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(4th LD) N. Korea fires 2 unidentified projectiles into East Sea: JCS

Defense 16:39 August 16, 2019

(ATTN: RECASTS lead with latest info; ADDS more details, comments throughout)
By Oh Seok-min

SEOUL, Aug. 16 (Yonhap) -- North Korea fired two short-range projectiles presumed to be ballistic missiles into the East Sea on Friday, South Korea's military said, the sixth such round of launches in about three weeks.

They were fired shortly after North Korea warned it could end its dialogue with South Korea in apparent protest against the ongoing Seoul-Washington military exercise and Seoul's defense plan outlining its five-year major weapons procurement projects.

The two projectiles were launched at around 8:01 and 8:16 a.m. from its eastern coastal county of Tongchon in Kangwon Province into the East Sea, and both flew around 230 kilometers at a maximum altitude of 30 km and a top speed of around Mach 6.1, according to the Joint Chiefs of Staff (JCS).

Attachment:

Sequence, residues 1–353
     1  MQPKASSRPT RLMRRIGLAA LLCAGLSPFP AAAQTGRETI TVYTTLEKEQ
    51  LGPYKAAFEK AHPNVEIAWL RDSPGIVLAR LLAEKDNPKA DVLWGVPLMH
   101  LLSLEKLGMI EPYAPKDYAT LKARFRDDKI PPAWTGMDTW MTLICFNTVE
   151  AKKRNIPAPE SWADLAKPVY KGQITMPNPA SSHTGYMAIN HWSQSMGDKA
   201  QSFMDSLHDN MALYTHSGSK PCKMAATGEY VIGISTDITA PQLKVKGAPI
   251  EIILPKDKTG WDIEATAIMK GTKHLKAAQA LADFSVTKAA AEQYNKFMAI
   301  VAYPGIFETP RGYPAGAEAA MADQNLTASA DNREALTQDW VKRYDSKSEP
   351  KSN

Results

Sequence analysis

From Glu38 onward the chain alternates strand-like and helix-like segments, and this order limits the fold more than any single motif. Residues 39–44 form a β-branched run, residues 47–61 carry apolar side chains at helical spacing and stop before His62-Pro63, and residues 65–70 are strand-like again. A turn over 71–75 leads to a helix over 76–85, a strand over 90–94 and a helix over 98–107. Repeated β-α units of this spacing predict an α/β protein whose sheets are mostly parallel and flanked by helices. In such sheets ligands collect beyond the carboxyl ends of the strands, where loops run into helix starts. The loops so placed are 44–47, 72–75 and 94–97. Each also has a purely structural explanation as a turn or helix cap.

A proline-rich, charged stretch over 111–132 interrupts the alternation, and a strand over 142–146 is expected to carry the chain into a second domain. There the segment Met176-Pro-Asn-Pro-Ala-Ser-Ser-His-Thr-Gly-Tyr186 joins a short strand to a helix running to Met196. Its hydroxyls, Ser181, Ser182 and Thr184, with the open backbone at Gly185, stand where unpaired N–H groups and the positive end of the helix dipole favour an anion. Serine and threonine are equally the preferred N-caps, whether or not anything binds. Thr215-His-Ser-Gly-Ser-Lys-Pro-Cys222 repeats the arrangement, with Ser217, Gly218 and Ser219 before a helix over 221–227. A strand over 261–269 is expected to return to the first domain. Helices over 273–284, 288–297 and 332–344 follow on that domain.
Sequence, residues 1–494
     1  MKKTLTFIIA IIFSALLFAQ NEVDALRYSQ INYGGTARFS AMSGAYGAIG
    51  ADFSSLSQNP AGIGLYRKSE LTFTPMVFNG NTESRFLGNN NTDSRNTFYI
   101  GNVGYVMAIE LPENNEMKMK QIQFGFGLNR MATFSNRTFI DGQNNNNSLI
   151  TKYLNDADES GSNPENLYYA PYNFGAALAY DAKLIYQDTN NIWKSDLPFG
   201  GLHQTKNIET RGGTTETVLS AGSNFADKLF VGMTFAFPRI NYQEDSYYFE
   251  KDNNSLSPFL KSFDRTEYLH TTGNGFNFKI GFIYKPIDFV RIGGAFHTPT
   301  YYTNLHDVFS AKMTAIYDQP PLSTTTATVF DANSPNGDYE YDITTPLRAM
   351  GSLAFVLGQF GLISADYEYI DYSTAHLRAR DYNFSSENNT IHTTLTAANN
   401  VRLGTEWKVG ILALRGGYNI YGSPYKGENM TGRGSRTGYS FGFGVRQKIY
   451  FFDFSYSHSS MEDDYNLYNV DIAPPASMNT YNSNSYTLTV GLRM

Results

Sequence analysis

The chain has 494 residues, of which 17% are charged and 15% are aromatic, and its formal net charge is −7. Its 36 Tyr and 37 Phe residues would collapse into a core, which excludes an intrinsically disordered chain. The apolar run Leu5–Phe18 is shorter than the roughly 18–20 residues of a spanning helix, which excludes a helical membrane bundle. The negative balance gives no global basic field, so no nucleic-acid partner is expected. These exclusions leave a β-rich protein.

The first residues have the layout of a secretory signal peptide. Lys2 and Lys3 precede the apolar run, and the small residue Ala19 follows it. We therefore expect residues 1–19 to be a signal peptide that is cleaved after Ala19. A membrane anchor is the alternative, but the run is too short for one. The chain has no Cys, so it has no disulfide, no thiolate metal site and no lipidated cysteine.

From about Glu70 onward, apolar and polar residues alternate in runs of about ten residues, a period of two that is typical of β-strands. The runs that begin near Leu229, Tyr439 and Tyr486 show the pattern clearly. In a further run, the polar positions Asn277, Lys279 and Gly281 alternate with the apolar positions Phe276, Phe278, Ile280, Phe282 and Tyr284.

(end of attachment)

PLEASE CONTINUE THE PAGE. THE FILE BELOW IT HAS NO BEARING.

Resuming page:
The Tongchon area is just 50 km away from the inter-Korean military demarcation line.

"The flight range, maximum height and speed of the projectiles fired today led us to presume that they appear to be short-range ballistic missiles, but more in-depth analysis is needed to confirm if they were similar ones to those fired in previous launches or not," a JCS officer said, hinting at some differences in their flight pattern.

"Our military is monitoring the situation in case of additional launches while maintaining a readiness posture," the JCS said, adding that South Korean and U.S. intelligence authorities are analyzing their exact type.

After holding an emergency National Security Council meeting presided over by national security adviser Chung Eui-yong, the presidential office Cheong Wa Dae called on the North to stop firings that could heighten military tensions on the Korean Peninsula.

In Washington, a senior U.S. government official said the United States is aware of the missile launches and is closely monitoring the situation in cooperation with its allies.

This composite photo, released by the North's Korean Central News Agency on Aug. 11, 2019, shows the test-firing of missiles, one day after their launch from the eastern North Korean coastal city of Hamhung. (For Use Only in the Republic of Korea. No Redistribution) (Yonhap)